'Be the right person' – Advice for women getting married or divorced

LAST week we looked at how women can get the short end of the stick when their husbands initiate divorce. Thank you for your positive feedback and suggestions. Over the next few weeks, we are therefore excited to share practical, helpful general relationship advice from our conversation with medical doctor and insightful premarital counsellor Dr Sharon Earle Edwards.

Q: Divorce has been on the rise before COVID-19 but since the pandemic, the numbers have climbed even higher. From your vantage point (as a premarital counsellor), what would you say are the main reasons for this?

A: There is a saying — marriage intensifies the state it finds you in. So if you are reasonably happy before marriage you will be reasonably happy after. I would want to say to an extent, COVID-19 can also intensify the state it finds you in. So as far as a couple is concerned, if a couple is already undergoing stress and already has a weak relationship foundation and decreased resilience, COVID would just bring that out even more; it would intensify that. Stress in any situation tends to worsen anything that we are experiencing and in fact we know that stress tends to find our points of weakness, so if there is a weakness in the relationship, stress is going to find that point and I think that is what has happened to COVID and relationships.

Add to that of course, the fact that couples are often together for longer periods because of the work-from-home situation for many. Plus couples who have children and having to homeschool — the situation is really very tense so without a strong foundation, without a faith experience through which one can process these stresses and without a good support system, it is quite likely that a couple can turn on each other and that would intensify a relationship challenge especially where there is a weak one already. And when we say stress, health challenges are also a part of the issue and of course, financial challenges, which COVID have brought for many.

Q: Last week we highlighted the plight of some women who are divorced by their husbands. We pointed out that women sometimes get the short end of the stick in a divorce — they are oftentimes left in a bad financial situation, are left to take care of the children largely on their own, etc. With all of these issues in mind, what is your advice to women getting married and women getting divorced?

A: Divorce affects the finances of both persons but more so the women, especially in the cases you mentioned where you have already made sacrifices in your professional and career advancement, and this means that a woman could end up in a situation where she is either underemployed or unemployed at the time of separation or divorce, leaving her more vulnerable. The challenge as well is that some of the issues that come with this is less resources, less support and not enough time for herself, and a woman could end up with poor self care. So some of the things that I would suggest are for women who are getting married:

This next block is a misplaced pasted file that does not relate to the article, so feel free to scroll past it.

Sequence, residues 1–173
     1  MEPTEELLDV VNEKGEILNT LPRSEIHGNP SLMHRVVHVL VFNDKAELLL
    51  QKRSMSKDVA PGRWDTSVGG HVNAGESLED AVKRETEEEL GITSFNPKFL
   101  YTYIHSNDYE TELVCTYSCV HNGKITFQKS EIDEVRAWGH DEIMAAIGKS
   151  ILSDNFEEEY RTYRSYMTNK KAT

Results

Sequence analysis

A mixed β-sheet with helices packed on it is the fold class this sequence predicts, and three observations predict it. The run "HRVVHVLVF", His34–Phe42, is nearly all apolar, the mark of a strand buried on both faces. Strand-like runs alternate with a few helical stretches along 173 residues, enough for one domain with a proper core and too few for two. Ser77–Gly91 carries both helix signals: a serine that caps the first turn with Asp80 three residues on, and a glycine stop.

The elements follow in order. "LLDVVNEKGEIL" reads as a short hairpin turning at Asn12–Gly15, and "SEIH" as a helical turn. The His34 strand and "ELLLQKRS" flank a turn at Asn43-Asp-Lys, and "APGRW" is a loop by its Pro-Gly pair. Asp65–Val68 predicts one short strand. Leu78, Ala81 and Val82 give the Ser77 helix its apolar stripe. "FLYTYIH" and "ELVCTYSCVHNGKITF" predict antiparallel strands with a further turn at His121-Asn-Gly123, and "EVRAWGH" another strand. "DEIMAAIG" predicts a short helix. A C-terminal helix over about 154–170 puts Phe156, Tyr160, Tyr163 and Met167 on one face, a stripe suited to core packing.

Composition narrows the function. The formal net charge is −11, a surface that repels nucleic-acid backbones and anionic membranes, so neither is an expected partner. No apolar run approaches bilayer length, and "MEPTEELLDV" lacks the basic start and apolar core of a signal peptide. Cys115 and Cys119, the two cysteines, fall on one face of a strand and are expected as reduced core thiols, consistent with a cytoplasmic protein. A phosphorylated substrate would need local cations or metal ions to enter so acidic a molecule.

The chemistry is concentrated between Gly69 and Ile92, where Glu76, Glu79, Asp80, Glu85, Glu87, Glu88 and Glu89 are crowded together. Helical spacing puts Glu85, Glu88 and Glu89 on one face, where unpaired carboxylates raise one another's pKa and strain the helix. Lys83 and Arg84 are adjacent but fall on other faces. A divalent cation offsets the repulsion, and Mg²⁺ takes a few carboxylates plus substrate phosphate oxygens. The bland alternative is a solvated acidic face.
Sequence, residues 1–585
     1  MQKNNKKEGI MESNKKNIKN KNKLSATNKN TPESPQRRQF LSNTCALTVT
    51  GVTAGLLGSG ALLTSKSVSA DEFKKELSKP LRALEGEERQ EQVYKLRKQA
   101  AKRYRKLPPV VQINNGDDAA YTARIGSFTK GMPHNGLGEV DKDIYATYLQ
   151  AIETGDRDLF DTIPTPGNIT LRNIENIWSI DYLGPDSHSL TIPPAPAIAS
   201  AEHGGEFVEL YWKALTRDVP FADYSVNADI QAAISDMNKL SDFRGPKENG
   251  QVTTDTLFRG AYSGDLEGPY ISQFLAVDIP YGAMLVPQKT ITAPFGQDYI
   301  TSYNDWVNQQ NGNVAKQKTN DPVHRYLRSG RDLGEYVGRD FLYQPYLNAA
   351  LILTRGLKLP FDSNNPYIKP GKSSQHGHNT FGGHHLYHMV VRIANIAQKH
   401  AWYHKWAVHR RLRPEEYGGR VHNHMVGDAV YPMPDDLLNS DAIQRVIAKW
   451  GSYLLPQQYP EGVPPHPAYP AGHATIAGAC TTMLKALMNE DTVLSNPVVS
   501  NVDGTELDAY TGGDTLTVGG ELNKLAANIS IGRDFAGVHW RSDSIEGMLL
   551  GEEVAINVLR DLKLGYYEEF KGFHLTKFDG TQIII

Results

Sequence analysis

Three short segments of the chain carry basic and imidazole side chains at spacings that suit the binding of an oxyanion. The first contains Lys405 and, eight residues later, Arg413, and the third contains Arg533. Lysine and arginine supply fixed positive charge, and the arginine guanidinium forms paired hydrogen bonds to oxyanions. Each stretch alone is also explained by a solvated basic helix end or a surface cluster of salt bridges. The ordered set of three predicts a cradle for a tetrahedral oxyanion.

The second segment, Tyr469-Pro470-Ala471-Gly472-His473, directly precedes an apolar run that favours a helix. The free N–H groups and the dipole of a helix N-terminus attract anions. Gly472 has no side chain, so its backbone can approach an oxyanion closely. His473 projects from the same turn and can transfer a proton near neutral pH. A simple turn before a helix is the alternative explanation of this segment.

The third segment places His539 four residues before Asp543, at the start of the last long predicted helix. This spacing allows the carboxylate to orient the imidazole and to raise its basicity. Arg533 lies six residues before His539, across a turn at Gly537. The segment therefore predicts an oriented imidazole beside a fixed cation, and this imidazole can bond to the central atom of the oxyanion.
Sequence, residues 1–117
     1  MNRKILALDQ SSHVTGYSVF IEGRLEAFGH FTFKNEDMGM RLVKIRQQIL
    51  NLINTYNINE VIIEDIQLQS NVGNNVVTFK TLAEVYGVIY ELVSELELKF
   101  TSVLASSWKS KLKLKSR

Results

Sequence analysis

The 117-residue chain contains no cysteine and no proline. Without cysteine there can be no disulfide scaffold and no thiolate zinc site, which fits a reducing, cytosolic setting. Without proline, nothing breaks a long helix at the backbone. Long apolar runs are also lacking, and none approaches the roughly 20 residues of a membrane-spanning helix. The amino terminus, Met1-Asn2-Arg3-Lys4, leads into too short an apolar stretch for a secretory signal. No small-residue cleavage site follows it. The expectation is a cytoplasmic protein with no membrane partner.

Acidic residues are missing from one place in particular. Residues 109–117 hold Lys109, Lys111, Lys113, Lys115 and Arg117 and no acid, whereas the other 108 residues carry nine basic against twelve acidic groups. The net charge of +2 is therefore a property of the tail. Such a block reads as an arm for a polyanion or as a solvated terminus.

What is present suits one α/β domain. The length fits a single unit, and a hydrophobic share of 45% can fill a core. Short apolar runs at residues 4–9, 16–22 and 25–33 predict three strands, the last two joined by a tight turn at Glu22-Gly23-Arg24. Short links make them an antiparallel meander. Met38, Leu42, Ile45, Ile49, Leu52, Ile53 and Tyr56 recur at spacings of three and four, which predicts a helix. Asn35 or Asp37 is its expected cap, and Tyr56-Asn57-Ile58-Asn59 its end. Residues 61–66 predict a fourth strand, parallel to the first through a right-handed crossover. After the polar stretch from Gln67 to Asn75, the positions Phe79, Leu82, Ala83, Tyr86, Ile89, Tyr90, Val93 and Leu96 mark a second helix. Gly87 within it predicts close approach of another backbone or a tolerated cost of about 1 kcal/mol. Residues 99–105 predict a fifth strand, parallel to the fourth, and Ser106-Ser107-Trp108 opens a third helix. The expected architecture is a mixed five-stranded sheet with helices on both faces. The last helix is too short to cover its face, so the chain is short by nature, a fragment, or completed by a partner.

• First and foremost, be the right person. Many times society suggests that we find the right person; however, we need to be the right person to attract an emotionally healthy individual of sound character who matches us in as many ways as possible.

•Know what you are looking for. After you have worked on yourself, then it is important to be aware of the qualities the person should have, as far as you are concerned. Keep a short list — not an extensive list — of the qualities the person should have and review that list and modify it often.

• Seek prayerful counsel and the support of friends and family. Most family members and friends are reasonable and can help us to see the blind spots that we may overlook because we feel we are in love, so it is important for those contemplating marriage to seek the opinions of family and friends. That old-time song, 'take time to know him (or her)', does apply.

• I personally think it is important in most cases to see the person in all seasons of life — in the year and possibly twice — so at least two years of getting to know the person and seeing what they do at different phases. Many people rush in when they have been dating and seeing the person in high times and not seeing what the person does when the storms of life come your way or their way.

Join us next week for more practical, helpful advice.

Shelly-Ann Harris is the author of God's Woman and the Goodies on Her Tray. She is also the founder of Family & Faith Magazine. Check out the website at familyandfaithmagazine.com or e-mail familyandfaithmagazine@gmail.com.

Dr Sharon Earle Edwards

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